Toson Memorial Museum
This museum pays tribute to Shimazaki Tōson, a celebrated writer born in 1872 in what used to be the Honjin, an inn designated for government officials. Tragically, Tōson's childhood home was lost in the fire of 1985. However, in 1947, the house underwent a restoration, and it now serves as the museum dedicated to his life and works.
The entrance fee is 550 yen.
Magome-juku Old Official Bulletin Board
This bulletin board, known in Japanese as Kosatsuba, played a crucial role during the Edo period (1603-1868). It was used by the government to disseminate official announcements, laws, and edicts to the public.
This bulletin board would have been an important communication tool, conveying information from the shogunate (the military government of the time) to travellers and townspeople.
Magome-juku Lookout Pointpueblo samurai
A beautiful observation deck in Magome that offers incredible views of Magome with the backdrop of the Gifu mountains. There are benches where you can sit down, enjoy a snack and just admire your surroundings. I've seen many spectacular views in Japan, but this really reminds you how deep in the mountains you really are. Beautiful, especially on a sunny day!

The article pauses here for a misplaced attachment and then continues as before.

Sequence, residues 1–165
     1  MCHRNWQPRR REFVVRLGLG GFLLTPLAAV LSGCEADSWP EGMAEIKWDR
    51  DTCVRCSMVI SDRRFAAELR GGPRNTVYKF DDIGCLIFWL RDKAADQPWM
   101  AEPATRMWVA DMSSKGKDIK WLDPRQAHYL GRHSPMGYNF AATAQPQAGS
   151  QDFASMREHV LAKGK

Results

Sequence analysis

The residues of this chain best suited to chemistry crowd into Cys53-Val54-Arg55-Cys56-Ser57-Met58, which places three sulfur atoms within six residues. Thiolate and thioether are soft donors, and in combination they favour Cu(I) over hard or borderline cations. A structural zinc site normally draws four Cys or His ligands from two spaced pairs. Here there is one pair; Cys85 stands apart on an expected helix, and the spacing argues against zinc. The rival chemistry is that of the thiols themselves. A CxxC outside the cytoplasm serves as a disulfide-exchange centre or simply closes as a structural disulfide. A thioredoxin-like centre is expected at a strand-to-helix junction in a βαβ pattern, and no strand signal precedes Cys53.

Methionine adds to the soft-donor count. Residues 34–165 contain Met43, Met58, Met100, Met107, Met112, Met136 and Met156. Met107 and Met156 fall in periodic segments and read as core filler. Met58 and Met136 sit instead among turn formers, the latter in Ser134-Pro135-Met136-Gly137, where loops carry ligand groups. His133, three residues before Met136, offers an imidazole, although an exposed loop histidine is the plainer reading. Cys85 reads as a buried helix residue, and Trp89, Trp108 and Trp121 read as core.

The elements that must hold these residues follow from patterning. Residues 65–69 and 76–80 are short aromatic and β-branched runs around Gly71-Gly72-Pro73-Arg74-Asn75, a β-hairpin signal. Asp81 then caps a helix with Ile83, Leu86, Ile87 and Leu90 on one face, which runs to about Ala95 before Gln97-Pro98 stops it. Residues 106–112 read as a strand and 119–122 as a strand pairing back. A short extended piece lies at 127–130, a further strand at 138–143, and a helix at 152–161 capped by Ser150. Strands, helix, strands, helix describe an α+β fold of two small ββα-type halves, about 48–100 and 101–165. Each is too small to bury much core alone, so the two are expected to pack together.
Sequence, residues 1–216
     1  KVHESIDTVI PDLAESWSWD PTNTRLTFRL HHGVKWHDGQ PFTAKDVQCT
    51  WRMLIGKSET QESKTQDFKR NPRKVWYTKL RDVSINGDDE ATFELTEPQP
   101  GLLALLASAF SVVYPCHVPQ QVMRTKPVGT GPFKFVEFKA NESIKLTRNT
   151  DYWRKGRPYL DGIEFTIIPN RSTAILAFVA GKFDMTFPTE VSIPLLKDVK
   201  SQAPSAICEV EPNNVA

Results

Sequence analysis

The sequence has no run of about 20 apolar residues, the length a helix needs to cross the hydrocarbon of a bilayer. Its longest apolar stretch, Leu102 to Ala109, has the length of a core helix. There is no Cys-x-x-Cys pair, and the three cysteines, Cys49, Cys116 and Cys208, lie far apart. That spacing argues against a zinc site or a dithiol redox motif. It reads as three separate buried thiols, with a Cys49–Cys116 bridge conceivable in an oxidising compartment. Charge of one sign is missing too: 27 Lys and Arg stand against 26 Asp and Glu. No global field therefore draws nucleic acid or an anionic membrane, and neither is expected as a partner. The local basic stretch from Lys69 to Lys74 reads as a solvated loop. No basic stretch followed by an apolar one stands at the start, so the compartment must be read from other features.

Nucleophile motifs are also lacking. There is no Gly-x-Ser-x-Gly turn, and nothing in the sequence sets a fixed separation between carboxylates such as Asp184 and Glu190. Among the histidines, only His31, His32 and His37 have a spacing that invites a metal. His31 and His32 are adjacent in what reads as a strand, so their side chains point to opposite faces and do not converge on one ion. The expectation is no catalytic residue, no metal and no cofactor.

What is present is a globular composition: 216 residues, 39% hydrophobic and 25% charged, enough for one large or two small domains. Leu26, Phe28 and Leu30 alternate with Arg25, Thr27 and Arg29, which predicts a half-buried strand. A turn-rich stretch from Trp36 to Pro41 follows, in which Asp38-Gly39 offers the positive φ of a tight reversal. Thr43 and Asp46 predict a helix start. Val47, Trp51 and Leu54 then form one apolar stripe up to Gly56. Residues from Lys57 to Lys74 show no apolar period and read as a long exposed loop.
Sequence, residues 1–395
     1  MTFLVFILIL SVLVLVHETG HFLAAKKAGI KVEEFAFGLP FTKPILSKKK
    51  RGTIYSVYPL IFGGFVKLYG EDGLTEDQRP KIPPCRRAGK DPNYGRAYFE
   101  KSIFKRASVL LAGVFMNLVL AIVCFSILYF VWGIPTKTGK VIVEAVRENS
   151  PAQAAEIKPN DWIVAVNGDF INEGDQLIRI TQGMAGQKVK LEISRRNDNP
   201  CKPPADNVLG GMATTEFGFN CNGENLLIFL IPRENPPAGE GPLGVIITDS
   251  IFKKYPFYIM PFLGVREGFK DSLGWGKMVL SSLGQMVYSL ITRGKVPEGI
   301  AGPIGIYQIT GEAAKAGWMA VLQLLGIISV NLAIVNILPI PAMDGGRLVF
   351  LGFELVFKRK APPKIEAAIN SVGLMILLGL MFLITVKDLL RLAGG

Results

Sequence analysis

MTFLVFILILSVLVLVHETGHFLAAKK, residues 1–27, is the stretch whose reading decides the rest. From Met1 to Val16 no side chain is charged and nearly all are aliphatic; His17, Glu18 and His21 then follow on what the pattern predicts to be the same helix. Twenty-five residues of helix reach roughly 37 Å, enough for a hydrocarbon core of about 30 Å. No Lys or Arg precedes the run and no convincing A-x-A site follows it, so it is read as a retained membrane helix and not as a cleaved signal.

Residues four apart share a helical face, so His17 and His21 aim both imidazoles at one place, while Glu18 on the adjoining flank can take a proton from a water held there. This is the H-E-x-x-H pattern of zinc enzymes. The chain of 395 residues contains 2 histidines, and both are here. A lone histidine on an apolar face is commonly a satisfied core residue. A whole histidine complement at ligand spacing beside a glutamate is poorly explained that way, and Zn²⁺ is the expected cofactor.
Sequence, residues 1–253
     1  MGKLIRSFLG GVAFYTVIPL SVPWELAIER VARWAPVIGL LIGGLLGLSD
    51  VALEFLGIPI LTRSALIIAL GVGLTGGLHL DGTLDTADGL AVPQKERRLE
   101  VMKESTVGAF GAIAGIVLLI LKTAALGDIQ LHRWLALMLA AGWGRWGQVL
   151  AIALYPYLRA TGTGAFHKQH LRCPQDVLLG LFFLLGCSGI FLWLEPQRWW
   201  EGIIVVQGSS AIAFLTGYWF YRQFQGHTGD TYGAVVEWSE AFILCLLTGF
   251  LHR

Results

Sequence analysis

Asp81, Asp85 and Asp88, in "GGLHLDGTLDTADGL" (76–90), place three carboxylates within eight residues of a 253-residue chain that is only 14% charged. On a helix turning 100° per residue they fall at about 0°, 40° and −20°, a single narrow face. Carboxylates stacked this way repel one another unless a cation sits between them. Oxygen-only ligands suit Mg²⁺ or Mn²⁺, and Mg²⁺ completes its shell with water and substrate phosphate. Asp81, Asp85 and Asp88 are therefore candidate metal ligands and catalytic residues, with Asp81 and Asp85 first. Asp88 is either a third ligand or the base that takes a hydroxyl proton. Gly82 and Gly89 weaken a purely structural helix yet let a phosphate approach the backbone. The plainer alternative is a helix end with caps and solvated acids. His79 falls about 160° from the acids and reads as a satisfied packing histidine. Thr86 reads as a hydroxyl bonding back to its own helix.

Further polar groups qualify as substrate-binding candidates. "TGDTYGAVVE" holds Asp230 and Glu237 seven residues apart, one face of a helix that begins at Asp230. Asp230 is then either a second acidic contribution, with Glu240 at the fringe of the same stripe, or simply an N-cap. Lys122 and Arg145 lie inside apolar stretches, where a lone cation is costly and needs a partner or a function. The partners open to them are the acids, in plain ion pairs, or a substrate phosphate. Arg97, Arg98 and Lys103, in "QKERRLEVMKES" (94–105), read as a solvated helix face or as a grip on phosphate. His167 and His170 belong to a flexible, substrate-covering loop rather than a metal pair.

Eat traditional Japanese food
Soba Restaurant Mikazukian - It's a fantastic restaurant for traditional soba with tempura on the site. I recommend getting the cold soba with tempura. The duck soba is absolutely delicious but usually sell out fast.
Haginoya - A proper kaiseki restaurant right in the heart of Magome. If you are in a rush, go for their lunch course which is around 2700 yen per person. You can also have mini kaiseki, but if you want something truly authentic, I recommend ordering their kaiseki menu which starts from 6600 yen per person. Reservation is required. You can use their official contact form to request a table in advance.
Masuya - This is a casual Japanese restaurant with affordable prices. You will find Teishoku meals on their menu, which usually come with fish, tempura or tonkatsu, rice, miso and some side dishes. This is a very friendly service with English menu available as well.
Juri - On my last trip to Magome, I stopped at Juri which is just slightly out of Magome, around 20 minutes from the centre, as you walk toward Tsumago. Juri is family ran by really cute old ladies who make incredible dishes. Stop here for ice cream or sit down for a delicious lunch which consists of soba, rice, tempura, miso and vegetables. Prices are very reasonable, I've paid just 1600 yen for a full lunch.
Shop for Magome souvenirs